The area of the Greenland ice sheet that is showing indications of melt has been growing daily, and hit a record 56.5% for this year on Wednesday, said Ruth Mottram, a climate scientist with the Danish Meteorological Institute. She says that’s expected to expand and peak on Thursday before cooler temperatures slow the pace of the melt.

More than 10 billion tons (11 billion U.S. tons) of ice was lost to the oceans by surface melt on Wednesday alone, creating a net mass ice loss of some 197 billion tons (217 billion U.S. tons) from Greenland in July, she said.

”It looks like the peak will be today. But the long-term forecast is for continuing warm and sunny weather in Greenland, so that means the amount of the ice loss will continue,” she said Thursday in a telephone interview from Copenhagen.

The scope of Wednesday’s ice melt is a number difficult to grasp. To understand just how much ice is being lost, a mere 1 billion tons — or 1 gigaton — of ice loss is equivalent to about 400,000 Olympic-sized swimming pools, the Danish Meteorological Institute said.  And 100 billion tons (110 billion U.S. tons) corresponds to a 0.28 mm (0.01 inch) rise in global sea levels.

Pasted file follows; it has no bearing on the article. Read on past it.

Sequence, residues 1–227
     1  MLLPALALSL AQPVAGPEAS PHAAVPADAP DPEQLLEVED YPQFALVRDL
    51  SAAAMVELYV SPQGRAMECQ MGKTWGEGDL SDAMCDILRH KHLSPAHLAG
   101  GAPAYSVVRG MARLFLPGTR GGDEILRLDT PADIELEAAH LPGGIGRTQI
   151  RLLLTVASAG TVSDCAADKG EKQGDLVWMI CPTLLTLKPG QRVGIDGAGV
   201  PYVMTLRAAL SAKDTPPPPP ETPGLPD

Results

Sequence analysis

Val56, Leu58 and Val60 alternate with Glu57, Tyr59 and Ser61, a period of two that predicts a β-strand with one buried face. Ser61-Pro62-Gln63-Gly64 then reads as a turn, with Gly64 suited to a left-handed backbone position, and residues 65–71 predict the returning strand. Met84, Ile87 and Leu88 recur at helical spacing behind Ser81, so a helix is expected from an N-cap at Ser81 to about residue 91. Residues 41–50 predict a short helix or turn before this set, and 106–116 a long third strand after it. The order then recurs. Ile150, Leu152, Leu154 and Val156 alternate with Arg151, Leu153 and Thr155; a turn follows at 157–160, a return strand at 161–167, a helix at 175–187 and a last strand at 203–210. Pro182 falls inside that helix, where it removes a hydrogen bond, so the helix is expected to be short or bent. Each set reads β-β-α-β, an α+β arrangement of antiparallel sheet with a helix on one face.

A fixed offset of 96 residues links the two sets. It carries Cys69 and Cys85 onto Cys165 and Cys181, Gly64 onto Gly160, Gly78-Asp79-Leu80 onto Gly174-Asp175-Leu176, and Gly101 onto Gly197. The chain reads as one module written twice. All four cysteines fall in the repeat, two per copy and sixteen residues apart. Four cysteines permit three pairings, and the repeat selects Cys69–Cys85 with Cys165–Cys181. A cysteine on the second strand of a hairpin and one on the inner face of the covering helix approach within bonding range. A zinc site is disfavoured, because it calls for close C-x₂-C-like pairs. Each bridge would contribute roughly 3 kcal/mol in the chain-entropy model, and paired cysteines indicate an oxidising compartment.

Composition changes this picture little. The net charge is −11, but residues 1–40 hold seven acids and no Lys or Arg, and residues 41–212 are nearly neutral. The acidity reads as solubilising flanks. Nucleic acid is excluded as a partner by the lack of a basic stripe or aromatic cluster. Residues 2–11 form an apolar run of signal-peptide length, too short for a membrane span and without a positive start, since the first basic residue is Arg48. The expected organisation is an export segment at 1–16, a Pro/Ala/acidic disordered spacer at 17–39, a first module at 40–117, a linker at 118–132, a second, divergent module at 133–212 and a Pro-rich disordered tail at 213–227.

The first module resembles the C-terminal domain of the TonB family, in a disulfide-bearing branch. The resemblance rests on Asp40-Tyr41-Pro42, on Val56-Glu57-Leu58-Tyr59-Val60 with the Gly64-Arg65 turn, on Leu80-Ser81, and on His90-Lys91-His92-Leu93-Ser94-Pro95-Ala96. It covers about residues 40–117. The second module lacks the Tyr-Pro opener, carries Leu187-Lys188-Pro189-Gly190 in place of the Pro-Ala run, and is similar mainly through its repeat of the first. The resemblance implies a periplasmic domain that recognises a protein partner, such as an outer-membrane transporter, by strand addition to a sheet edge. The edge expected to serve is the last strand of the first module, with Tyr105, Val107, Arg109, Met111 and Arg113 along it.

Mottram said since June 1 — roughly the start of the ice-loss season — the Greenland ice sheet has lost 240 gigatons (240 billion metric tons) this year. That compares with 290 gigatons lost overall in the 2012 melt season, which usually goes through the end of August.

A June 2019 study by scientists in the U.S. and Denmark said melting ice in Greenland alone will add between 5 and 33 centimeters (2 to 13 inches) to rising global sea levels by the year 2100. If all the ice in Greenland melted — which would take centuries — the world’s oceans would rise by 7.2 meters (23 feet, 7 inches), the study found.

The current melting has been brought on by the arrival of the same warm air from North Africa and Spain that melted European cities and towns last week, setting national temperature records in Belgium, Germany, Luxembourg, the Netherlands and Britain.

In Russia, meanwhile, forest fires caused by hot, dry weather and spread by high winds are raging over nearly 30,000 square kilometers (11,580 sq. miles) of territory in Siberia and the Russian Far East, an area the size of Belgium. The smoke from these fires, some of them in Arctic territory, is so heavy it can easily be seen in satellite photos and is causing air quality problems in Russia’s third-largest city, Novosibirsk. Protesters in Moscow on Thursday were demanding that the government do more to fight the blazes.